Birthrates drop in California, and experts blame recession
Birthrates in California began to drop in 2008, in what experts say is a response to the recession. The downward trend of California’s birthrate mirrored that of many other states, experts found.
A Pew Research Center analysis released Wednesday found that the number of California babies born in 2008 dropped to 551,000, down from 566,000 babies born in the state in 2007.
This signified a 2.8% dip in the birthrate, the third largest decline of any state other than Arizona and Mississippi. In the same time period, California’s per capita income decreased from $44,880 to $43,641, according to the study.
In the previous year, the state’s housing prices decreased by more than 2%, the largest drop in the country, researchers said. Researchers found that the data is telling of a link between birthrates and the souring economy.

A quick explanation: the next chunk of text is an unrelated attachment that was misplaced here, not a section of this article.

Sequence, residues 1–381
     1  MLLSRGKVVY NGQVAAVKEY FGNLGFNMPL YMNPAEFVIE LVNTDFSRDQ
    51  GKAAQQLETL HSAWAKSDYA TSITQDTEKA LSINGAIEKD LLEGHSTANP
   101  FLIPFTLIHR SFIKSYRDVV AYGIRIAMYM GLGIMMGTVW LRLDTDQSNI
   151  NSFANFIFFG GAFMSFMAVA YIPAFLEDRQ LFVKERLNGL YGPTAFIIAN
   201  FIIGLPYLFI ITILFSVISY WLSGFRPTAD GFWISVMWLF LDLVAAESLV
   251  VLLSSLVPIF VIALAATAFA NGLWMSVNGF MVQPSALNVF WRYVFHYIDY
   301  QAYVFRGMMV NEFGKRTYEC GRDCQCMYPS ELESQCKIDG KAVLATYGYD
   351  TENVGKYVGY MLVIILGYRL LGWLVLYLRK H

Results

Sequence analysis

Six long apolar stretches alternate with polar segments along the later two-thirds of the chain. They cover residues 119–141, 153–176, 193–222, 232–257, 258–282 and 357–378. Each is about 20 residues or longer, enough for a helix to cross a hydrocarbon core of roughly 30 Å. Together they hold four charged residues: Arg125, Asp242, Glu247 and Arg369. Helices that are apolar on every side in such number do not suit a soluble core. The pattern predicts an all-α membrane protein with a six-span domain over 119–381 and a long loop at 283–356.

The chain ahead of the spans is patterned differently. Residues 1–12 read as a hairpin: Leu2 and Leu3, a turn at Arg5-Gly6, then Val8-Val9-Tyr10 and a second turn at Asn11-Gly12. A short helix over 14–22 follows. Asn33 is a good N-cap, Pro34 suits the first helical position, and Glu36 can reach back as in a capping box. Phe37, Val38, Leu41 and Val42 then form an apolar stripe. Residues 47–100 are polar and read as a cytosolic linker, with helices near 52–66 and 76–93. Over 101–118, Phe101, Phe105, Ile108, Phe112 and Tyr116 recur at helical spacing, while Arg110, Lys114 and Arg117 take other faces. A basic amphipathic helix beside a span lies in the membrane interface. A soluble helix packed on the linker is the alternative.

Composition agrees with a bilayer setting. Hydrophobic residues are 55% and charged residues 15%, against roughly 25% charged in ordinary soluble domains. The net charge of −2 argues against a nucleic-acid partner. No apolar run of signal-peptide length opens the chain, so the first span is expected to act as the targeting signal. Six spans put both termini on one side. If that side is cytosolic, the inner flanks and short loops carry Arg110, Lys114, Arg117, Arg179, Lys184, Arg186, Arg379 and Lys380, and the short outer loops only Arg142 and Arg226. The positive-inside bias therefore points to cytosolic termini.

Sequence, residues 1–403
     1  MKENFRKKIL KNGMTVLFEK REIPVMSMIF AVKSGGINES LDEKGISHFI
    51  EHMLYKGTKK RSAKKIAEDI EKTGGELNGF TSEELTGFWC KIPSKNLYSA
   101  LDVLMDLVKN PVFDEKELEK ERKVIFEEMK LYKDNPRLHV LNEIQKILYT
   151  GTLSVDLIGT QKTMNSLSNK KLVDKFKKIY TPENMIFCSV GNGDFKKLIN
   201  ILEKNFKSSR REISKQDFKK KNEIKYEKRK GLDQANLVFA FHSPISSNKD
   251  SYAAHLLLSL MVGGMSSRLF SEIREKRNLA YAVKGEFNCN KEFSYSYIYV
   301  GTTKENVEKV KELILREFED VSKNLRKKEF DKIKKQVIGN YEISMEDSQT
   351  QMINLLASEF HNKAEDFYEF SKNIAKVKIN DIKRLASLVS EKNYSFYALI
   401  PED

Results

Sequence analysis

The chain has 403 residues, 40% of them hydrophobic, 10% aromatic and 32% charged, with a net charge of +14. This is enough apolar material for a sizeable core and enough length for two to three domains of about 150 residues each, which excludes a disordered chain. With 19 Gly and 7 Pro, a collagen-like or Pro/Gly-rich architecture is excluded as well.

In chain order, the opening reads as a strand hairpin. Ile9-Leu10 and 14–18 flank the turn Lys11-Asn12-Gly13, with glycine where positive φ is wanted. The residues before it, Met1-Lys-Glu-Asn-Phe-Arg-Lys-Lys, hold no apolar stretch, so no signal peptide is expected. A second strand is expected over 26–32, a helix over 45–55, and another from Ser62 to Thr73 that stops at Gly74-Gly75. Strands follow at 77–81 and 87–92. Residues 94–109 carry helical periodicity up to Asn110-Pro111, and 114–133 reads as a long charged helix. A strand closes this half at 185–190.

“We wanted to see whether there was some kind of link for the most recent recession,” said D’Vera Cohn, the study’s senior writer. “We looked at the decision to get pregnant and took a look at what is going on in the economy to affect that decision.”
Indeed, Arizona’s birthrate, which saw the largest decline in the country in 2008, reflected its weakened economic picture. The state had a decrease in income between 2006 and 2007, and housing prices that increased only 1.7% in the same time period.
Researchers cited an October 2009 Pew Research Center survey, which found that 14% of Americans ages 18 to 34, and 8% of those ages 35 to 44 say they postponed having a child because of the recession. In the past, birthrates have roughly reflected the nation’s economic booms and busts, Cohn said.
-- My-Thuan Tran
Photo: L.A. Times file